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Carole Mallory

Carole Mallory

Posted: February 23, 2011 11:39 AM

"The Adjustment Bureau Needs an Adjustment."


As much as I respect Emily Blunt and Matt Damon as actors, I find The Adjustment Bureau an unpleasant experience. We are asked to believe that there could be an organization such as The Adjustment Bureau that monitors each individual's fate so that we stay on path. What path? To where? A metaphor for too much government control?

"We make things happen according to plan. We monitor the entire world, "Harry Mitchell (Anthony Mackie) says after David Norris (Matt Damon) is kidnapped, blindfolded and strapped in a stereotypical leather chair reminiscent of one that could be used to execute criminals. That chair that we've all seen repeatedly in interrogation scenes.

It all begins with David Norris who is running for the U.S. Senate and who just lost. He meets ballerina Elise Sellas (Emily Blunt) accidentally when she is hiding in a men's room and they fall in love. At first sight. In a men's room running from a cardboard cut out criminal Harry Mitchell and his Adjustment Bureau, nefarious men who want to control David Norris who will run again for the Senate at which time they plan to have him programmed to do what they want and win so that they can 'rule the world'. Please. We've seen this before. Shades of Manchurian Candidate.

A few years pass and David Norris accidentally meets Elise on a bus and arranges to see her again, but The Adjustment Bureau blocks his attempts to see her. Enter Thompson played by the magnificent Terrance Stamp who exudes evil to a T, but even Stamp can't resurrect this turkey. He is Harry Mitchells' boss in the evil Adjustment Bureau and knows that if David Morris falls in love with her and they consummate their love with a passionate kiss, his group of henchmen will not be able to control David's mind or the nation's future.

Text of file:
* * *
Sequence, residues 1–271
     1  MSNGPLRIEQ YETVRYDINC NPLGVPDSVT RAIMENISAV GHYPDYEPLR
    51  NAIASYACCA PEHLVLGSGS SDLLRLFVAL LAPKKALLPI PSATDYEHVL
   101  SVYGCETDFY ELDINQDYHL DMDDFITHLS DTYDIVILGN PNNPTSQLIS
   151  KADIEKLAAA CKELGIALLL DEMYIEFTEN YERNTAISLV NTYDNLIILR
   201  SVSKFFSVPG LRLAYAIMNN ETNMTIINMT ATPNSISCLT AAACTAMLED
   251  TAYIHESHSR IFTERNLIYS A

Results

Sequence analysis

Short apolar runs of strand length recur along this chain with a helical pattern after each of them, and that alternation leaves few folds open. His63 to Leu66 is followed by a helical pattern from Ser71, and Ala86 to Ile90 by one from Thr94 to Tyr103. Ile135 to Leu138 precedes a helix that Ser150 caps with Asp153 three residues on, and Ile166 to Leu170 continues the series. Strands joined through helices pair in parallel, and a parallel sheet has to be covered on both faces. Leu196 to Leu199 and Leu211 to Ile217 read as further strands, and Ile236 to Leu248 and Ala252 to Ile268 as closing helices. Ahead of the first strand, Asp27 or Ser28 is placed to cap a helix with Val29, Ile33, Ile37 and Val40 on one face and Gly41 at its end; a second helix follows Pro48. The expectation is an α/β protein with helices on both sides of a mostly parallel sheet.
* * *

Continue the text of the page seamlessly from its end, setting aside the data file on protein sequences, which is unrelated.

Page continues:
Far-fetched? Yes? Manchurian Candidate? Yes. The idea that love conquers all is the plot of the film and flimsy as that.

Chases abound and are well filmed and have their own intensity, but when you realize you are merely along for the bogus ride, you feel a bit duped. New York is filmed mysteriously and creatively and the direction by George Nolfi is not the problem. It is the script. Which is silly yet we are supposed to believe sinister. George Nolfi wrote the adaptation of the screenplay from a short story by Phillip K. Dick titled The Adjustment Team.

Elise Sellas becomes a successful ballerina and has a dangerous fall. Elise dances with creative passion, but all your desire to care for the characters runs amok when you are required to think about the foolish plot. The Adjustment Bureau tries to frighten David Norris from rescuing her and seeing her in the hospital after this accident. Elise and David are bound with a crazy glue kind of love despite all the road blocks put up by the so-called sinister men blocking their union. Is their love part of fate? Or will The Adjustment Bureau be able to derail their dynamic duo of lust? You have to see the film to find out how it ends. If you can sit through it long enough to get to this point.